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The following is a very informative article  published in the June 2019 edition of the Clinical Communique by Professor Allen Cheng MB BS, FRACP, MPH, MBiostat, PhD Director, Infection Prevention and Healthcare Epidemiology Unit, Alfred Health Professor of Infectious Diseases Epidemiology, School of Public Health and Preventive Medicine, Monash University

“Ten years after the swine flu pandemic, it is timely to reflect on these two tragic cases of severe influenza in young adults. While the common perception of the pandemic was that it was a relatively mild season, it is important to note that critical care services came under considerable stress in 2009. Influenza continues to cause many thousands of hospital admissions each year in Australia, with a particularly high number of cases in 2017.

Although most infections are relatively mild, influenza can cause rare but serious complications. In children, influenza is a well described cause of severe neurological complications including encephalitis and status epilepticus, which can occur in children with no previous medical history (1). The incidence of severe influenza is highest at the extremes of age (2).

The NSW Coroner found that influenza caused more deaths in children than any other vaccine preventable disease, including meningococcal disease. The association between cardiac events and influenza is more complex; apart from infective myocarditis, studies have found an excess of other cardiac admissions, such as acute myocardial infarction at the time of increased influenza activity (3), and this is supported by case control studies showing an association between myocardial infarction and influenza (4).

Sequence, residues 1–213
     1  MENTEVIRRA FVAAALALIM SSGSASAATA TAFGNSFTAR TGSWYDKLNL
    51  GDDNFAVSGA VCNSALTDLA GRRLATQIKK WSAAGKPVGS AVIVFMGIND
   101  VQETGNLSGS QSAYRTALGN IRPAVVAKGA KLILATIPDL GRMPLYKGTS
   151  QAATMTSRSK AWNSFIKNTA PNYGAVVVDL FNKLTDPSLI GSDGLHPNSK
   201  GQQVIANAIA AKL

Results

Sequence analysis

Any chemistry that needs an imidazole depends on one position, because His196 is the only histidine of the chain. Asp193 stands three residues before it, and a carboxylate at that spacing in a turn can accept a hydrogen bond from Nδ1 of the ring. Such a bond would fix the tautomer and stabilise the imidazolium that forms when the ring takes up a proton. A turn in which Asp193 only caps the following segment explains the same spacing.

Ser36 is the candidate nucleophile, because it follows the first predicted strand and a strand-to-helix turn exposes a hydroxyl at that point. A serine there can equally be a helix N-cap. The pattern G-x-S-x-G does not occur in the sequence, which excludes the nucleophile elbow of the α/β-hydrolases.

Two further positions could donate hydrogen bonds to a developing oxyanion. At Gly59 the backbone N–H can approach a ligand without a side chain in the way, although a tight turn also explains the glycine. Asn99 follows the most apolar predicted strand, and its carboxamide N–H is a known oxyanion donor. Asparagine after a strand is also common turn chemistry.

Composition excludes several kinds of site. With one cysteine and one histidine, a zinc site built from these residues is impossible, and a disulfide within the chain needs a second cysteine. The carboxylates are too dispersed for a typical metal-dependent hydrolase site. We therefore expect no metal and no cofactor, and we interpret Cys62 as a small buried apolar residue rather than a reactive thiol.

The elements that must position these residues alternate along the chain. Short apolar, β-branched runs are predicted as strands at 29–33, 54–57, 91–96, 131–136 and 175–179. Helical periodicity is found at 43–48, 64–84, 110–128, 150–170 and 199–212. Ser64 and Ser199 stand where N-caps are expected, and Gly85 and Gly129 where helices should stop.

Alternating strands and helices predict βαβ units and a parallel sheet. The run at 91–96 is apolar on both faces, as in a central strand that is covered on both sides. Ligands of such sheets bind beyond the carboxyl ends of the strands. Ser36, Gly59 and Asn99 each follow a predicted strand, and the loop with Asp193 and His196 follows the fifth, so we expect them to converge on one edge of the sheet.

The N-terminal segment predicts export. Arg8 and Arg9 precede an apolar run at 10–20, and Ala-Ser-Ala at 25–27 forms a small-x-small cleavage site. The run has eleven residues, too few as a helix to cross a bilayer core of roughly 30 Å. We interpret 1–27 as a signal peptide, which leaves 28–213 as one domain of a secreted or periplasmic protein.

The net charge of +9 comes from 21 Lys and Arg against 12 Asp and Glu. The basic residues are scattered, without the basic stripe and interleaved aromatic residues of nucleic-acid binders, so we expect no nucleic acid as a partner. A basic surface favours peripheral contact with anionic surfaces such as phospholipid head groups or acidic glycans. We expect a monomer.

Influenza diagnostics are useful to help confirm the diagnosis of influenza to target treatment and infection control interventions, but empiric treatment may be required, particularly in severely unwell patients. Many other respiratory infections can cause an influenza-like illness. Even in the peak of the influenza season, the proportion of influenza tests that are positive for influenza is usually less than 50% (5).

Balanced against the need to confirm a diagnosis is the need to start influenza antivirals quickly for the patient to receive the maximal benefit. Over the last 10 years, rapid and sensitive influenza diagnostic assays have become more widely available in hospitals, and to a lesser degree in primary care settings.

Despite good test performance, it is important to note that the sensitivity of the test also relies on the adequacy of specimen collection. In a small proportion of patients with lower respiratory tract infection, upper tract sampling may be negative (6).

Influenza antivirals may be considered in outpatients presenting within 48 hours of the onset of symptoms to reduce the duration of illness. The use of influenza antivirals is a controversial topic. A number of neuraminidase inhibitors antivirals are available in Australia, including oseltamivir, zanamivir and more recently peramivir.

Clinical trials have demonstrated that antivirals reduce the duration of illness in patients with uncomplicated influenza by around 17 hours, and are also effective in preventing influenza (7, 8). However, there is much less data on whether antivirals prevent clinically relevant complications of influenza, such as pneumonia, hospitalisation and death. Additionally, almost all studies were performed in outpatients, and evidence is scant on the use of antivirals in hospital inpatients with severe influenza.